E&P Names 'Publisher of the Year': Lee's Mary E. Junck

By: Mark Ftizgerald Lee Enterprises Chairman, President, and CEO Mary E. Junck -- who engineered the blockbuster $1.4 billion cash deal to acquire the storied Pulitzer Inc. chain -- has been named "Publisher of the Year" by Editor & Publisher.

In its April cover story, E&P notes that Lee was a successful if somewhat sleepy newspaper chain, "and then along came Mary."

But Junck also has a human touch. As longtime top editor Walker Lundy puts it: "She is truly a decent human being, not necessarily a common trait for publishers."

The Pulitzer deal propels Lee to the nation's fourth-largest publisher in terms of dailies owned (58 in 23 states), and its seventh-largest in terms of circulation (1.7 million weekdays and 2 million on Sundays). And when the acquisition closes, Lee will become a rare newspapers-only media company with a valuation of more than one billion dollars.

Like Lee's $694 million deal to buy Howard Publications in 2002, the Pulitzer acquisition reflected Junck's determination to grow top-line revenue and to be prepared to pounce on opportunities to buy medium-sized papers in good markets.

After becoming Lee's first woman CEO in 2002 after many years with Times Mirror, Junck "put together an acquisitions team that met literally every Friday," says Greg Veon, vice president of publishing.

But the E&P profile also suggests the Pulitzer deal has overshadowed other accomplishments during Junck's short tenure at the top of Lee. With a series of acquisitions, Lee is now one of the nation's biggest publishers of agriculture publications. Lee newspapers are also spinning out a wide variety of niche publications. And, in an era when some of the best-regarded newspaper companies turn up on the industry's crime blotter, Lee appears squeaky-clean, a pioneer in transparent corporate governance.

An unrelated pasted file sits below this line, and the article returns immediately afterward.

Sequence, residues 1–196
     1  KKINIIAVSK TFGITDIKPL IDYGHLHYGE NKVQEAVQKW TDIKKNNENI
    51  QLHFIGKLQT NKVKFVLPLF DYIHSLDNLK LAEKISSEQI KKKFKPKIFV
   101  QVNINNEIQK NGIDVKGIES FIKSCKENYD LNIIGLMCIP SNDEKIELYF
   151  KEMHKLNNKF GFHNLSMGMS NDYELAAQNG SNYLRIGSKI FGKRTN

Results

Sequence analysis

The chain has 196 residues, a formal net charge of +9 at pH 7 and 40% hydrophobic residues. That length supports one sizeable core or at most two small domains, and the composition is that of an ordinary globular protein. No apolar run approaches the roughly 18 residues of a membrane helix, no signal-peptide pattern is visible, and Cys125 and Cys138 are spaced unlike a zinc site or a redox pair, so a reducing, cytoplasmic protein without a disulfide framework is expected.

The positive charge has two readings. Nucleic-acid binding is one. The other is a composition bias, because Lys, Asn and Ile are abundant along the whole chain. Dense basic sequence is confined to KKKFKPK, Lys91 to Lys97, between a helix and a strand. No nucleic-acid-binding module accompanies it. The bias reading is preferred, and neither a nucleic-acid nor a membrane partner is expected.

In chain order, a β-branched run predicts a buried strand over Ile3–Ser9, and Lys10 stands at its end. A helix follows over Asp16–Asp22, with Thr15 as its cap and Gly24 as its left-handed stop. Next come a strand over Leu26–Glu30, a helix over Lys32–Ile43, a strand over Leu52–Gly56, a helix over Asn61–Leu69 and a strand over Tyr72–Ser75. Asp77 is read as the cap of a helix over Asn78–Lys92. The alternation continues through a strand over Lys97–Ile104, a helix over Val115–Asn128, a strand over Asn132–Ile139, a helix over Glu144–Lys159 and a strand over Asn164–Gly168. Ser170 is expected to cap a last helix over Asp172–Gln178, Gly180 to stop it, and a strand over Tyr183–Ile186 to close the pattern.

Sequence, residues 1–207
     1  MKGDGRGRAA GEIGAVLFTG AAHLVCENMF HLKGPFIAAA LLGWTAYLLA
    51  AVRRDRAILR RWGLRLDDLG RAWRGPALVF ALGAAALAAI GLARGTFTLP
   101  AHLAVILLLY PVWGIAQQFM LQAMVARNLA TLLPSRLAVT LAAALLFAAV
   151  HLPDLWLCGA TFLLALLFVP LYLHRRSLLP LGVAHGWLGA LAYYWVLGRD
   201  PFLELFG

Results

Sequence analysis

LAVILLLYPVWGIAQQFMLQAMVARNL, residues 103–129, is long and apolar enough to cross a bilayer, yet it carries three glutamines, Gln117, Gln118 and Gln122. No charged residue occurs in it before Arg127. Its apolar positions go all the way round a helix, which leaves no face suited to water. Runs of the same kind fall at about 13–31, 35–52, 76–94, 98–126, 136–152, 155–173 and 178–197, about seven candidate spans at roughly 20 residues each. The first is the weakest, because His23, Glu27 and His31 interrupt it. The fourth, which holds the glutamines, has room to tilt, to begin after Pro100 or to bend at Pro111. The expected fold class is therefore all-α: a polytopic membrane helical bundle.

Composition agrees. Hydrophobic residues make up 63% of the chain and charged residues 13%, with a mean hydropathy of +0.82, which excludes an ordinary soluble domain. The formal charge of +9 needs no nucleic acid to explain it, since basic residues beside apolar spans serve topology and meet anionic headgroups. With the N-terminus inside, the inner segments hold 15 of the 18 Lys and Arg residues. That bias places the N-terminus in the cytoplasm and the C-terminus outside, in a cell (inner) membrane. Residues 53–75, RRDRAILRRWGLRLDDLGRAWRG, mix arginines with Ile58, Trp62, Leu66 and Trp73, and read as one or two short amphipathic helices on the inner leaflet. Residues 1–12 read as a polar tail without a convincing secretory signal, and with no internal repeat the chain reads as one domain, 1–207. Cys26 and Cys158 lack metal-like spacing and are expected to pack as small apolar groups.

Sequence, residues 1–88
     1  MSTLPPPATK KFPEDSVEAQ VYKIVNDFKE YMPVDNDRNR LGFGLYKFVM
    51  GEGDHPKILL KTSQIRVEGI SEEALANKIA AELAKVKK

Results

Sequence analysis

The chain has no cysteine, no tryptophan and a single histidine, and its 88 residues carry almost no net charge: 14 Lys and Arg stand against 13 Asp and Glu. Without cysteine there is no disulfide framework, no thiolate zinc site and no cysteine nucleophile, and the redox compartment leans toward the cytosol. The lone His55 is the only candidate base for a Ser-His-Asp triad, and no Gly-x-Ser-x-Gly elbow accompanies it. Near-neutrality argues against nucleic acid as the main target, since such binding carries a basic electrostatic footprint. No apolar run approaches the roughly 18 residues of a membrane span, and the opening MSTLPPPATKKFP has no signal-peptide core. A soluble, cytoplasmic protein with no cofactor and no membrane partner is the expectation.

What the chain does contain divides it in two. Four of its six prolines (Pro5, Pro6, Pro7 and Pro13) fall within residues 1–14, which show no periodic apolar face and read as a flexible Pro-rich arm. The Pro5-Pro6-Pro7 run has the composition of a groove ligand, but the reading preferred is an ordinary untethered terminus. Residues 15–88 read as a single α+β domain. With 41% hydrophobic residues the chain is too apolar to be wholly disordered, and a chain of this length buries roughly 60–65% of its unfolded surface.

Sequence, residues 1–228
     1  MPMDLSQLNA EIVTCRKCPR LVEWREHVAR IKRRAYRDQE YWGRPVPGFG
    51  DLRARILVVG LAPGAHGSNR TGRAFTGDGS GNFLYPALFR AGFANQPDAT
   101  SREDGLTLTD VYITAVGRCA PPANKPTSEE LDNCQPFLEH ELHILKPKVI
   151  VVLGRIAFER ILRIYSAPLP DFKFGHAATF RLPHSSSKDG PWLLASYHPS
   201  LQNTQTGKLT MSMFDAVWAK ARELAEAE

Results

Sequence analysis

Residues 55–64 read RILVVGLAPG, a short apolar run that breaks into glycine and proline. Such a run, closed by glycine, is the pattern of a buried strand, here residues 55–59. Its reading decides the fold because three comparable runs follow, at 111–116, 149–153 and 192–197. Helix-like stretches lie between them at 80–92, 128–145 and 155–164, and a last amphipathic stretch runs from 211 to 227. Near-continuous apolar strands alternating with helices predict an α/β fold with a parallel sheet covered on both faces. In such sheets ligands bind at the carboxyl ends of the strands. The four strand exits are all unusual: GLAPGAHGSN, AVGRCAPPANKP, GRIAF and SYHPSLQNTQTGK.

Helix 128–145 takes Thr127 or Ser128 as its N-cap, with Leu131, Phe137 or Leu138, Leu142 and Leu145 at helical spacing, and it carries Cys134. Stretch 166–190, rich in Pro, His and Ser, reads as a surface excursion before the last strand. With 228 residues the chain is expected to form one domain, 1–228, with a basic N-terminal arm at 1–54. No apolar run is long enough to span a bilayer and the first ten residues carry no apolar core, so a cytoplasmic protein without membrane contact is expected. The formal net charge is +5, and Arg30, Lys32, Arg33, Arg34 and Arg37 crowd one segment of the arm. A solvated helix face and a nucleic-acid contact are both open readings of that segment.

A native of Iowa, Junck tells E&P it's good to be back in her home state, in Davenport, but knows some people figure she must miss the big city. "To people who aren't Midwesterners, it might seem strange," she explains."I think the fact that I grew up out here made it easier for me to figure out I could live in Iowa."

A full profile of Junck will appear in the subscribers-only print section of this Web site later Monday.


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